What we are doing here is not taking the issue seriously. The nature of the education system in the UK necessitates short-term-ism. Trying to create quick wins.

    I have no doubt that the teachers involved in the current initiatives will take away useful ideas and be able to use them in their practice.

    However, what we know about CPD is, unless it is long-term, sustained and high quality, it does not become embedded in practice. Norms and biases come back to the fore and the learning – though useful in the short term – becomes diluted or lost.

    One cannot become an expert in teaching for mastery after a minor course, delivered over one year.

    Also, one cannot become an expert in teaching for mastery if those delivering the CPD are not themselves experts.

    A problem we have in the UK, as a profession, is not being brave enough to say, ‘I don’t know about this yet, I’m still learning’.

    So, we have an initiative where those who have had superficial training in a mastery approach are then training a next cohort. I am already witnessing the Chinese whisper effect, where the messaging is getting watered down (or personal ideologies and biases are changing the story).

    I agree with you that there is much benefit to working with schools here locally and that we can learn from each other.

    However, what I would really like to see is a 10-year plan for moving the dominant model of education in England to a mastery model. It really does take that long. We need to start with experts, training teachers over a very long time, engaged with Lesson Study to help accelerate, and slowly rolling out.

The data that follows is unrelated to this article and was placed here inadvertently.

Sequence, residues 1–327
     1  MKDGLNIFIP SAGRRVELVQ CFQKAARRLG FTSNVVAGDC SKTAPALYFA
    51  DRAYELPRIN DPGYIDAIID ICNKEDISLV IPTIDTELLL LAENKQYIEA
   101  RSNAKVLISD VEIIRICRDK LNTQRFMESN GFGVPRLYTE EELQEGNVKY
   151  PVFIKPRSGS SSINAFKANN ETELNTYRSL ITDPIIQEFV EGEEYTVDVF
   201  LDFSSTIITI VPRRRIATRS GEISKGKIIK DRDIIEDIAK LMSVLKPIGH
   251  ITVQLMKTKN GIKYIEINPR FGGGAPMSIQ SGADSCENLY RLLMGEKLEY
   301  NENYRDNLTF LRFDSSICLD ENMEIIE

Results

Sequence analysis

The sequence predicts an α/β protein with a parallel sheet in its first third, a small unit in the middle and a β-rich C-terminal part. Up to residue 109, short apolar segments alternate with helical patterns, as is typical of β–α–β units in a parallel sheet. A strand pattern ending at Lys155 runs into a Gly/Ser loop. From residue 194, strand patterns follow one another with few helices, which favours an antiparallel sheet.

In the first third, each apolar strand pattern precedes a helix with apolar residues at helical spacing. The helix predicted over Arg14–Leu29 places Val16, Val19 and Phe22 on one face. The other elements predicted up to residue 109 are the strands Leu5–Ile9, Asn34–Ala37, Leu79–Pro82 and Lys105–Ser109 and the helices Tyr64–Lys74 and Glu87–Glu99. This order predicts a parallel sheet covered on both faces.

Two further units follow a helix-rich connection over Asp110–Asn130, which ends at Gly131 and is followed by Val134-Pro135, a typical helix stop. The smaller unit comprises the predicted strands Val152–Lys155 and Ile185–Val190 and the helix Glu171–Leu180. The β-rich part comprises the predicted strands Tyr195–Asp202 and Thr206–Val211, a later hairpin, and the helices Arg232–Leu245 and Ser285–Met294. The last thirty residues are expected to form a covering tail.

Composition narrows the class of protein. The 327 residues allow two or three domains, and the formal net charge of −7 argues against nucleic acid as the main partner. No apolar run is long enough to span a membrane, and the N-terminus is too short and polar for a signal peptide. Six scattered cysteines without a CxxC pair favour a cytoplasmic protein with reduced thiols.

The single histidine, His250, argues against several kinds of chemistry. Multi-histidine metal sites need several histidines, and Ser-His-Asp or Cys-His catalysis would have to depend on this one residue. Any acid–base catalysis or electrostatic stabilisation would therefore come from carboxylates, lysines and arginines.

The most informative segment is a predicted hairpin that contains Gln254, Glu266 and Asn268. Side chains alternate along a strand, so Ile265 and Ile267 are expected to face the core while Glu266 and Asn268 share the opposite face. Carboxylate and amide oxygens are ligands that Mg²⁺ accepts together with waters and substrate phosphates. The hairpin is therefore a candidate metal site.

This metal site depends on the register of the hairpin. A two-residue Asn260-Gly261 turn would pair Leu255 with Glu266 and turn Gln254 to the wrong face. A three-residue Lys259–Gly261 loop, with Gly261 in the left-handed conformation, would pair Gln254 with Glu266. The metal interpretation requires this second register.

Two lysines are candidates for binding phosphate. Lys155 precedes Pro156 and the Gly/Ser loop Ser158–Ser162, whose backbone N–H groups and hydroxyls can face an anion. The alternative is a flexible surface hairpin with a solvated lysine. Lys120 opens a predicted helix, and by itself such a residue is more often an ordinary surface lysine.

We could design a Master’s Degree programme with accreditation as a teaching for mastery expert, say.

    Unless we seriously higher the bar and demand more, we will be left with piecemeal, superficial CPD that causes more disruption and confusion that it does benefit.

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  3. I think you bit upon a good point; now is the time to take what we have seen and make it work for us. Top quality CPD often requires expert input at the beginning, but the real acid test of whether it will have lasting impact is the teachers that have had the input being able to take it, work with it, collaborate around it, and continually re-visit it. I hope the TRG groups that have sprung up get the time and space to work with the input properly, but I suspect that ultimaty cost to schools for release might limit this a bit.

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  4. Sue Pope and I wrote an article in MT 250 about two Shanghai lessons we saw in a secondary school in Manchester. The article can be freely downloaded from my website: http://www.mikeollerton.com. I also shared several emails with Debbie Morgan based upon my analysis of Claire’s Y4 lesson and the analysis I had posted on the NCETM website. If anyone would like a copy of this analysis please contact me on: mikeollerton@btinternet.com